The main ingredients of this dish are a piece of shpondra weighing at least three kilos (four or more is good, too, and don't worry, it will all be eaten) with the bones (what's known as asado) sliced crosswise between the ribs into large pieces; and a half-kilo of dry beans soaked for 24 hours in cold water.

To cook the beans, you will also need:

2 carrots, thickly sliced

1 medium onion, chopped

3 garlic cloves, chopped

1 tbsp. thyme leaves

1 tsp. rosemary leaves

2 sage leaves

For the meat's marinade:

1 medium onion, minced

3 garlic cloves, minced

lemon peel, grated

1 tbsp. thyme leaves

1 tsp. rosemary needles

strained juice of 1/2 lemon

1/2 cup olive oil

salt and pepper

For the roast:

3 onions, thinly sliced

3 garlic cloves, minced

1 tbsp. thyme leaves

1 tsp. rosemary needles

1 cup dry red wine

1/2 kilo crushed tomatoes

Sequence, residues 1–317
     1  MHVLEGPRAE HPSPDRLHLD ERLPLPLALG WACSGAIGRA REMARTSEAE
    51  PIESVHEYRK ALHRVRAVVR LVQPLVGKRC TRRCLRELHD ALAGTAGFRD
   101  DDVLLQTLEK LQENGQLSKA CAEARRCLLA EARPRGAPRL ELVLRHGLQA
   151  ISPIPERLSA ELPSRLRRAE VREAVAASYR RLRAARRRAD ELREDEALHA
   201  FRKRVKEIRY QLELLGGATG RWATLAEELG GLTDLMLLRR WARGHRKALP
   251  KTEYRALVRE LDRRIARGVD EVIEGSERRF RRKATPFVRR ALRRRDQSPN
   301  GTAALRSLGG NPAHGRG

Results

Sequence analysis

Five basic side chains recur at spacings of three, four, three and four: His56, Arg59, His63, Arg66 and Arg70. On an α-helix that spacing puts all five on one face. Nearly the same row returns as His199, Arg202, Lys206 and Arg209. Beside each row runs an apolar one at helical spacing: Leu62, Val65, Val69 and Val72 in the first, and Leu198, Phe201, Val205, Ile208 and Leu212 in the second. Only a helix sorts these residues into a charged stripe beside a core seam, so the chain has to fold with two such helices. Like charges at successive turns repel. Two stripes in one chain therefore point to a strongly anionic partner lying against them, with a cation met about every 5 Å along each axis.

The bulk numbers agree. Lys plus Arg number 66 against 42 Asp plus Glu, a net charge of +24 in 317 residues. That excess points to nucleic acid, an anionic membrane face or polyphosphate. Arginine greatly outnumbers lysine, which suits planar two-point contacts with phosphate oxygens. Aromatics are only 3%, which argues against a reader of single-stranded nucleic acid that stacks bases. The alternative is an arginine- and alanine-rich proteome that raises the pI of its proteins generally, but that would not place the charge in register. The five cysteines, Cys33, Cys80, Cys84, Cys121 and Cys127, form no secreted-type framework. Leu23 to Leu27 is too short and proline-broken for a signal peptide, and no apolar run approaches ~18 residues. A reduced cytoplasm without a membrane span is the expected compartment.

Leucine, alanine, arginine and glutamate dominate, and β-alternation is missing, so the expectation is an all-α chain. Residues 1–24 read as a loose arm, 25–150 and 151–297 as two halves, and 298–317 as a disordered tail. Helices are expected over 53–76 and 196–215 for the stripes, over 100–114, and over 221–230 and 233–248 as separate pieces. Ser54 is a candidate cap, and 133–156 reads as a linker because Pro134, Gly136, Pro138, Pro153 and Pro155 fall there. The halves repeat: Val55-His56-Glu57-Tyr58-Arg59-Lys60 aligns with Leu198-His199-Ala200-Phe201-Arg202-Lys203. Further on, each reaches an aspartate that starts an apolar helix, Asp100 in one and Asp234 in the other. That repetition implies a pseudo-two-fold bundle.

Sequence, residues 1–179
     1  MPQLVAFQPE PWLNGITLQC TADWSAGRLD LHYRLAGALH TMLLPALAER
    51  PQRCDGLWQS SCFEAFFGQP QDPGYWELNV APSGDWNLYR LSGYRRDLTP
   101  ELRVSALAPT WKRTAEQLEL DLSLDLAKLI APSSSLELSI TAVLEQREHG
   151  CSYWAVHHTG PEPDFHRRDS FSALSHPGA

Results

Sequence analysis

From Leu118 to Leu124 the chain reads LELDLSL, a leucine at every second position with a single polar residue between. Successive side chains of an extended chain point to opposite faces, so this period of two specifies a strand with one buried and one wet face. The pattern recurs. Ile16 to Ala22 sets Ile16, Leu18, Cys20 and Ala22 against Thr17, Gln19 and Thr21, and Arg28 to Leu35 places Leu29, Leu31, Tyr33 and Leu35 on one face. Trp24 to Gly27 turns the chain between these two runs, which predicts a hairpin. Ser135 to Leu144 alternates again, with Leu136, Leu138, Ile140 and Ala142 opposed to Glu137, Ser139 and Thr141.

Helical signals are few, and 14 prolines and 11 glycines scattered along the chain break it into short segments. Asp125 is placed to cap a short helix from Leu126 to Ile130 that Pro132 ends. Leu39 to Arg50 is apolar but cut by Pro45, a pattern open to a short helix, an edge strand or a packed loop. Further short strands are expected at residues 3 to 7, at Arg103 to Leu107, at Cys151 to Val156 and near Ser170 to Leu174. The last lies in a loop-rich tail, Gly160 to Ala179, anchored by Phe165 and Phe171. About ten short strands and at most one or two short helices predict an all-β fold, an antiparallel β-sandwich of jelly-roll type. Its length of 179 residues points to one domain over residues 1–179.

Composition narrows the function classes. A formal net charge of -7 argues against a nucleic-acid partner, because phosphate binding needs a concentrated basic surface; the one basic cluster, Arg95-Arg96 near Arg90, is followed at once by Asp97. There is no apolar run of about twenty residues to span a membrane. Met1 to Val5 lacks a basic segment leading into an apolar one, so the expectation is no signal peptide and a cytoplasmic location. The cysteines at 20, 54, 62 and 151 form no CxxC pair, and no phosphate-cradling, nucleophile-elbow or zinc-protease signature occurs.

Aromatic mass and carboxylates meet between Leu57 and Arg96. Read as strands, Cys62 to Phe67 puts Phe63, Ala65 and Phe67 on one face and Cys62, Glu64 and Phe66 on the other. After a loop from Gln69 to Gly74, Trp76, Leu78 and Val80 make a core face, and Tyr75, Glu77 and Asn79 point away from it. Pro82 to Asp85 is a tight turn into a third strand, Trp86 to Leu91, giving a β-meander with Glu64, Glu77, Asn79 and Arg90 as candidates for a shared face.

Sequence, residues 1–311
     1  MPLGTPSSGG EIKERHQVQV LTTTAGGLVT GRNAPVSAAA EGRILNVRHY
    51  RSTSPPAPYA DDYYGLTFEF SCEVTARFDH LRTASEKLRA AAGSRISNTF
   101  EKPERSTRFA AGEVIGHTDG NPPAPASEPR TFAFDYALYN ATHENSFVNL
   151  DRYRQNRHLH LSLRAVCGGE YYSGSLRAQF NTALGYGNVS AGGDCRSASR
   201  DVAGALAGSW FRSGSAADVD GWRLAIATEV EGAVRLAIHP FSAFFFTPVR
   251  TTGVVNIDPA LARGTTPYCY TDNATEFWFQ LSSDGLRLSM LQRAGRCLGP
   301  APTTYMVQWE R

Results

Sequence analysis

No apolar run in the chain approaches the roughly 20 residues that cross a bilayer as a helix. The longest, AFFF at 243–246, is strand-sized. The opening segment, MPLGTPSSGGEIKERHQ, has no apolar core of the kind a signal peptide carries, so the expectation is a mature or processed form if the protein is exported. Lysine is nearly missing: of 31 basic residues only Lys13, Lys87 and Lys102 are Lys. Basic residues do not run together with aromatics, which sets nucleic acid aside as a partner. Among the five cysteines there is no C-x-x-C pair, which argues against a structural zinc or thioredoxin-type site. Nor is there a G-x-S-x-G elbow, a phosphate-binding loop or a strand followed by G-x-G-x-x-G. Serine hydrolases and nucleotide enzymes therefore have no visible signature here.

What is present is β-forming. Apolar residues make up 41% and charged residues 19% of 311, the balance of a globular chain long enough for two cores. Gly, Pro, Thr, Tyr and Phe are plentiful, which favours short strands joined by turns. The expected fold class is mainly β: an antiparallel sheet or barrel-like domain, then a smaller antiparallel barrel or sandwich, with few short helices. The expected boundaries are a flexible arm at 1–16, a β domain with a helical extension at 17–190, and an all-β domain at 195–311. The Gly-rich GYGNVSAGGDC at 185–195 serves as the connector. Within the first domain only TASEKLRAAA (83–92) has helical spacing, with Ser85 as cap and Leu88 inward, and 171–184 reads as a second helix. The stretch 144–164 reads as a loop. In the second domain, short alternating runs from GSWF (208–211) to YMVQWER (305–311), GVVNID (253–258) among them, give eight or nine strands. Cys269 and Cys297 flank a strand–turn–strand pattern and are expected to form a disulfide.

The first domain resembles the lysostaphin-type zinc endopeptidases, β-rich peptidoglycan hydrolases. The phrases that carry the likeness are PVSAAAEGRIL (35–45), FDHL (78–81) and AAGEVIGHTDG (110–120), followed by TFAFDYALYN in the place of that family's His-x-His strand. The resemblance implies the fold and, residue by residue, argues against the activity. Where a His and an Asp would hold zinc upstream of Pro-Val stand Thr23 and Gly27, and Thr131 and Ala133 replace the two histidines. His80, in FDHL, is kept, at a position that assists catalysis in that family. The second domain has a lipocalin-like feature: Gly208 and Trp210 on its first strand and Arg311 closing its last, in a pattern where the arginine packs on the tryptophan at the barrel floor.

olive oil

salt and pepper

chicken stock or water to cover

Start with the beans. Put them into a pot with the onion, carrot, garlic and herbs. Add water to cover and bring to a boil. Lower heat to the minimum and skim off the foam. Simmer for 45 minutes, covered, and remove from the heat.

Meanwhile, use a food processor to chop the ingredients for the marinade and coat the meat well with it. Marinate for one hour.

Preheat the oven to 180 degrees Celsius.

Heat three tablespoons of olive oil in the large pot and brown the meat in it in small batches to keep the oil from cooling. Set the meat aside. Add the onion and garlic to the pot and fry until golden while scraping the bottom of the pot with a wooden spoon. Add the wine and let it evaporate a bit. Add the tomatoes and herbs, season with salt and pepper and bring to a boil. Simmer for 15 minutes. Put the meat back in the pot. Add the beans. Gently shake and stir the pot. If more liquid is needed, add enough chicken stock or water to cover well. Bring to a boil.

Cover the pot tightly with aluminum foil and place in the preheated oven for half an hour; then lower the heat to the minimum - 100 degrees Celsius or less. Leave in the oven overnight without opening the oven door.

After 12 hours of cooking, turn off the oven, but leave the pot inside until just before serving.

One more thing: If you feel like improvising, go ahead and add a few potatoes to the pot when it goes into the oven. Then you'll get a real cholent.